Dr Irwin : Sunscreens

Tips from Dr. Irwin on why SPF doesn’t tell you everything you need to know about a sunscreen. And what ingredients to look for in a sunscreen to block UVA as well as UVB radiation.


This is Dr. Brandith Irwin in Seattle at Madison Skin and Laser Center and this is a video blog for skintour.com.

I want to talk today about sunscreens. Why are they so confusing? And there are thousands of them, right? And why are there so many? Do we really need them all? And “what is it I should be looking for” is what I hear from my patients a lot. Here are the basics.

Basically, SPFs are confusing. The reason for that is the SPF only tells you how long can you be out in the sun, how much longer can you be out in the sun without burning. It really doesn’t tell you what total percentage of UV light is the sunscreen blocking. In other words, if you normally would burn in an hour out in the sun, an SPF 15 allows you to stay out for 15 hours. Well, OK. How many of us are out for 15 hours? But what it doesn’t tell you is how much UVA it’s blocking. The reason is the SPF ratings only refer to UVB, not UVA. And we don’t have a rating system for UVA. Isn’t that crazy? I think so because now a product can say broad spectrum on it, covers UVA, and have only the most minimal of UVA coverage in it. So now you think, OK, I’m buying this SPF 45 sunscreen; this should be great right, and it says broad spectrum on it so I’m covering UVA right? Maybe not. In fact it might be covering most of the UVB and almost none of the UVA depending on exactly what active ingredient it had in it.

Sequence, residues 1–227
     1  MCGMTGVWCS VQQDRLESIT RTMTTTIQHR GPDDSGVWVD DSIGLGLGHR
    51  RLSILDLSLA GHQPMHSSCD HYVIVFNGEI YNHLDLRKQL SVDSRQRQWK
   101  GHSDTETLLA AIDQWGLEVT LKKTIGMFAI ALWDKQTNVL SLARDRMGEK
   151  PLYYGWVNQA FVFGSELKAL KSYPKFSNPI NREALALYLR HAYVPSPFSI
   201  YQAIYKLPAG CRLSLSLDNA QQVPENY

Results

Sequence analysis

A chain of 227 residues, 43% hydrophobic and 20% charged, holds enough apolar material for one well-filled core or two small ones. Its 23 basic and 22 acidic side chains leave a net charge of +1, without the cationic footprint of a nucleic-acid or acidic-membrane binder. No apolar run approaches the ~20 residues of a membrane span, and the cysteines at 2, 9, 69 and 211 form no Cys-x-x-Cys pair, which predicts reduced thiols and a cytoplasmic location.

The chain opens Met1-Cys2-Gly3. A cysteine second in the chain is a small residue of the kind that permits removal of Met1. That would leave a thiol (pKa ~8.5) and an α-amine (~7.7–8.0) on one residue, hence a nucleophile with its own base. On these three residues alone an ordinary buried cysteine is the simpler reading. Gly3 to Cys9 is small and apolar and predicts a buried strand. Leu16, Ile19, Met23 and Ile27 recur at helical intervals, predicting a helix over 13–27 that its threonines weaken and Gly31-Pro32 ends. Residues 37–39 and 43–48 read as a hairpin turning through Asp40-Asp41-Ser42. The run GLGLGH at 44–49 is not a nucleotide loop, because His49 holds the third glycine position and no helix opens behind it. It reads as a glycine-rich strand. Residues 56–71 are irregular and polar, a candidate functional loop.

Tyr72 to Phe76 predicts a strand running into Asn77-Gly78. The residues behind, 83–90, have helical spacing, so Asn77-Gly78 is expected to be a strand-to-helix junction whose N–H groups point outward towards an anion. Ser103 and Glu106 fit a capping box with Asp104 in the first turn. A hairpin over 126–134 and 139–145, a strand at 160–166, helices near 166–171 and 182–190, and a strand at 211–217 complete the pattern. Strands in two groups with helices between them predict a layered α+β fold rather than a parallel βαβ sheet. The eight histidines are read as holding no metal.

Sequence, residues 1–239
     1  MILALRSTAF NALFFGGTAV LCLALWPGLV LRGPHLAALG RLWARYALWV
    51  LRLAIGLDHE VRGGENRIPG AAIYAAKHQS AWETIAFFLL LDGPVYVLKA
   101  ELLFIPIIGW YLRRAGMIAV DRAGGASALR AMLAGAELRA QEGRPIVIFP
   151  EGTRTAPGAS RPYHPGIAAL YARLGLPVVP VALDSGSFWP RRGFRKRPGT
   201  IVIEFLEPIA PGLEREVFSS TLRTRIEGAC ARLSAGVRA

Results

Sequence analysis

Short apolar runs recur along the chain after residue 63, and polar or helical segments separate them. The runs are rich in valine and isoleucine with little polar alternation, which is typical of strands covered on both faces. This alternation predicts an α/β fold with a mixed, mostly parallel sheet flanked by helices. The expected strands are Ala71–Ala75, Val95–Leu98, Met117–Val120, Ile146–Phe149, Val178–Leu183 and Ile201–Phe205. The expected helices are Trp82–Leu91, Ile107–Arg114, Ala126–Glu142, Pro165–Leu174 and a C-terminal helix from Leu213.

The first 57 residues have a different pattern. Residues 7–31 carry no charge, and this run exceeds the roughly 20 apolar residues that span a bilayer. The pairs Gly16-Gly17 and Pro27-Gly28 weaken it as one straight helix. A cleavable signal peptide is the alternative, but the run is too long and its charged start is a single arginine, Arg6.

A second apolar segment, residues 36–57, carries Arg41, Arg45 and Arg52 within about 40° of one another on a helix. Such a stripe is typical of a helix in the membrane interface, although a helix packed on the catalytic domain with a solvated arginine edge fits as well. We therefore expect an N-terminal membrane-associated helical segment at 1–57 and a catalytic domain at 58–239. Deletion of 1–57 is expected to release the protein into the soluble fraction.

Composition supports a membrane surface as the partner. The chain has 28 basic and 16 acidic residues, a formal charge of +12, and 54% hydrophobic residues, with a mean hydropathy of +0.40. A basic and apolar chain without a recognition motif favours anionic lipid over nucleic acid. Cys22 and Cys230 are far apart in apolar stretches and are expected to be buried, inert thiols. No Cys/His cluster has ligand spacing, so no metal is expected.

I’m really encouraging my patients to start reading their labels. Here’s what you want to look for in your sunscreen. You want to make sure you have at least an SPF 15 and frankly, if you are going to be out all day water skiing, get something that’s higher. Get a 45 just because it might not wash off quite as quickly. Make sure it’s waterproof or water resistant and then make sure that it covers UVA. The way to do that is to look at the label. You want either zinc or titanium dioxide…or titanium, sorry, you want zinc or titanium 5 to 10% on that label to have a really good sunscreen or you want mexoryl 3%. Mexoryl you may have read about. It’s the new UVA blocker that’s been available in Europe and Canada for years. And so one of those three things will do it. As long as you make sure it says that, all of them block UVB pretty well and that way you’ll be sure you’re covered.

So, read the ingredients, most of the time the labels don’t tell you what you really need to know.

Dr. Brandith Irwin, MD

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Hi, I’m Dr. Irwin, and I believe that consumers need and deserve a medically trained and unbiased skincare advocate.

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